That struck me as a personality quirk, but as he got older, the quirks became more pronounced, particularly when his speech became full fledged. He spoke in a very scripted way, memorizing books and DVDs, and co-opting the language for his own use. He even spoke in the same tones and accent that he first heard the words spoken in. As an example, when Eleanor was born, Liam was three and a half. He was a big fan of David Attenborough, and had memorized the two four DVD sets Life of Mammals and Blue Planet. When I would nurse Eleanor, Liam would say, in a British accent, “Mommy, you are surviving her on your fatty milk, which she will turn into blubber, or baby fat.” Every time. In the car, I’d hear a little voice from the back seat pipe up with, “The blue whale is right underneath our boat! Over 100 feet long, the blue whale is the largest animal ever to live on planet Earth!” He’d continue, sometimes for five or ten minutes at a time, reciting whole videos or passages. He could adapt the words to his own needs, but the times he used words wholly his own were few and far between. If he became really agitated, he retreated into his scripts, feeding people lines, and finding comfort in knowing exactly what would happen next.

At three and a half, it finally became impossible to ignore all the quirks. There were so many, and they were so odd. Any of them alone could have been normal for a young child, but they added up to something more. We took Liam in for testing, and he was diagnosed with PDD-NOS (Pervasive Developmental Disorder – Not Otherwise Specified) shortly after his fourth birthday.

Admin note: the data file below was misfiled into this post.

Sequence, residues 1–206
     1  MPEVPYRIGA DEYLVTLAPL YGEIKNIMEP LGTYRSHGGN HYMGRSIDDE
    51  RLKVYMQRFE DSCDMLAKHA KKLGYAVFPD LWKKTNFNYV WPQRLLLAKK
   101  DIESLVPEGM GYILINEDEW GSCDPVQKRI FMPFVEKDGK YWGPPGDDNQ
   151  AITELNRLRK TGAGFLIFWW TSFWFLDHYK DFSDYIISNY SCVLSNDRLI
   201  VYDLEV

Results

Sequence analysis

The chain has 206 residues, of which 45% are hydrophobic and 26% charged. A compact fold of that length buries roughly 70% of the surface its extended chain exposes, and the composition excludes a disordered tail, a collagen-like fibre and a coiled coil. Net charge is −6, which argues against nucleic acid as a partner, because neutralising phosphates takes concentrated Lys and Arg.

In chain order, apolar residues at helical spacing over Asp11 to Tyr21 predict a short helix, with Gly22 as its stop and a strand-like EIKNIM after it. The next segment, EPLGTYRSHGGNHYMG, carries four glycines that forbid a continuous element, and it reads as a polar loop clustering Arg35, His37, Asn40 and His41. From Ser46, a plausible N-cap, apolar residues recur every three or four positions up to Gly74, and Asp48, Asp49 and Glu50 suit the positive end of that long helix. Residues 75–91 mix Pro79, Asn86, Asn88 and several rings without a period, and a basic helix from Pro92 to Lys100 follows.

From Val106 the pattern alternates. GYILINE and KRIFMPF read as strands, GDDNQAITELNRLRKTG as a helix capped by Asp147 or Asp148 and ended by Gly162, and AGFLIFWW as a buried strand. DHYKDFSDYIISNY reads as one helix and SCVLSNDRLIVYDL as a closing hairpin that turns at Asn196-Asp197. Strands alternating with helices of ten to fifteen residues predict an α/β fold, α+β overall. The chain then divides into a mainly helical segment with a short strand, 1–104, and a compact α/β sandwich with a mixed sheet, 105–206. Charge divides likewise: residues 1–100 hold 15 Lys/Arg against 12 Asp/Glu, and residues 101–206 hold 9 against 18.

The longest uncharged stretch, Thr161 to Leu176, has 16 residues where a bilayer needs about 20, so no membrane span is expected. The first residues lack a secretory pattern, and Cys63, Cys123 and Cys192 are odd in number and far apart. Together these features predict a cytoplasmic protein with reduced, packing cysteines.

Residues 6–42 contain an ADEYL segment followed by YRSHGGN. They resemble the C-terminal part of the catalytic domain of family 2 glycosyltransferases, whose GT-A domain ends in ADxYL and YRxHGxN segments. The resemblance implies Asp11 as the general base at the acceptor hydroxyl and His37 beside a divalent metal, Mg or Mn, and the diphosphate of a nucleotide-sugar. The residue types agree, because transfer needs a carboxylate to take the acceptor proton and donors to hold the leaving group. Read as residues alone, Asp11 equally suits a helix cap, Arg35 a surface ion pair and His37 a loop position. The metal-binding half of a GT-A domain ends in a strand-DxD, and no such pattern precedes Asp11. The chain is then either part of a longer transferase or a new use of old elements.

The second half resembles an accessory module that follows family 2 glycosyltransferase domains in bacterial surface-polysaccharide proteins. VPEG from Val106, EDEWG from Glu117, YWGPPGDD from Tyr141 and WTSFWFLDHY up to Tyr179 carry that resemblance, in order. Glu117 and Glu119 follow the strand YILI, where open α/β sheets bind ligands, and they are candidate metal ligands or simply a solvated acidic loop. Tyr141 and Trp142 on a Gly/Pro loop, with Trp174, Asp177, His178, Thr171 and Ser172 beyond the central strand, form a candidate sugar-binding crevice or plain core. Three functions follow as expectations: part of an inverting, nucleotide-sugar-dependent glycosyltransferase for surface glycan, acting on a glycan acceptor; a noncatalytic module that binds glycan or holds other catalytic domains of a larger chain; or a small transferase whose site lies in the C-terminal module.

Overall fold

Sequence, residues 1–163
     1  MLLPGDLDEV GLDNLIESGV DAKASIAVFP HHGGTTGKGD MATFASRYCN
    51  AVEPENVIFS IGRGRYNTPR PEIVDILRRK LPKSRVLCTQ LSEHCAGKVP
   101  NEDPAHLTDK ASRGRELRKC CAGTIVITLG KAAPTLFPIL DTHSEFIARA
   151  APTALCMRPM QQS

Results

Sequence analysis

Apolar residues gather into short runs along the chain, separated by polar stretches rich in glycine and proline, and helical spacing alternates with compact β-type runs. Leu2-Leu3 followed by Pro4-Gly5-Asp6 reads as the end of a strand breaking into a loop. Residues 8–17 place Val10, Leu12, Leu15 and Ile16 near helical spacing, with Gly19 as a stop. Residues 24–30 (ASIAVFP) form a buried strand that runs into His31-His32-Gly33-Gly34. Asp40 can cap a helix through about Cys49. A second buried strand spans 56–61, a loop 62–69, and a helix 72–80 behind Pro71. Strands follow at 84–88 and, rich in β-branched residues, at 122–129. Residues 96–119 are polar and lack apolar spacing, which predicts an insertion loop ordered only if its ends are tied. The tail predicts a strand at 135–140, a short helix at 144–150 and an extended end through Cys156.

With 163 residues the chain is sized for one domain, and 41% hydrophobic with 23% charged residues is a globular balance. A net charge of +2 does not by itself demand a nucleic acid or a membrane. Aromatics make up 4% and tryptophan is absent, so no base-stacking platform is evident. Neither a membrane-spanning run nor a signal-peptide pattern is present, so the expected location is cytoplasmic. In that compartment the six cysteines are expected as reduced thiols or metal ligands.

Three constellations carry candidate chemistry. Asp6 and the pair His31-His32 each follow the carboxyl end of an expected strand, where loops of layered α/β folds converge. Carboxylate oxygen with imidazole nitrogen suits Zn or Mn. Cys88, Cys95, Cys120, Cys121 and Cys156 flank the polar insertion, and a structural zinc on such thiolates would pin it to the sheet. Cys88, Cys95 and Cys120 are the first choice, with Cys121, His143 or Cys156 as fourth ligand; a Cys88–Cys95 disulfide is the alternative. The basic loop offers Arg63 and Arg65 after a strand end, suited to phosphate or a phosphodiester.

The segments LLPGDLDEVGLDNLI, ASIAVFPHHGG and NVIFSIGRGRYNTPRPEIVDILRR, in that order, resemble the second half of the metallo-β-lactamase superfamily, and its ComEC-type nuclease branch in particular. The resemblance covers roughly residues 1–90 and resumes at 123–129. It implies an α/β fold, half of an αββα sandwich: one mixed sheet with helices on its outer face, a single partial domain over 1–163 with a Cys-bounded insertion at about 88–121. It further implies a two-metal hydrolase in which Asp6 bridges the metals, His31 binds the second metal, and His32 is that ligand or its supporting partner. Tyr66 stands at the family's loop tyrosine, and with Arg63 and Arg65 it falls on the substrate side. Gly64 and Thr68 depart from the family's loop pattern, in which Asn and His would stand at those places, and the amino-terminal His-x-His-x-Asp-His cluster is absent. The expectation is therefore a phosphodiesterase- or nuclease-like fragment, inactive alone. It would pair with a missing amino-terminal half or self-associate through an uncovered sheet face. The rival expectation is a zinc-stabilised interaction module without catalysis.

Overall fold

We do face a lot of daily challenges with Liam, but a lot of joy, too.

There is more autism research being conducted today than ever before, but we’re still a long way from knowing the causes and triggers of autism. And with one in every 150 children being diagnosed with autism these days, it’s essential that we learn the whys and hows.

I’m not one of those who thinks that the word “cure” is appropriate here. Part of what is wonderful about Liam comes from the unique way he looks at the world. But the unique way that Liam looks at the world is also what makes it harder for him to get along in the world. I want that gap bridged. And for that reason, I’m offering a prize package of yarn for those who donate to the Autism Research Institute between now and May 16th.

Make a donation of any amount, and email me at knittingkninja@gmail.com to let me know, and I’ll enter you in a drawing to win some of my stash yarn. One entry per person, and this is entirely on the honor system. I have no way of checking to see if you actually donated. The yarn I’ve pulled together is this: three skeins of Rowan RYC Soft Tweed in Twig, two skeins of a brown boucle yarn simply called Knitting Boucle, and one skein of Panda Silk in Nutmeg.

Prize yarn

Once again, make a donation to the Autism Research Institute, then email knittingkninja@gmail.com and let me know, and you’ll be entered into a random drawing to win the above yarn.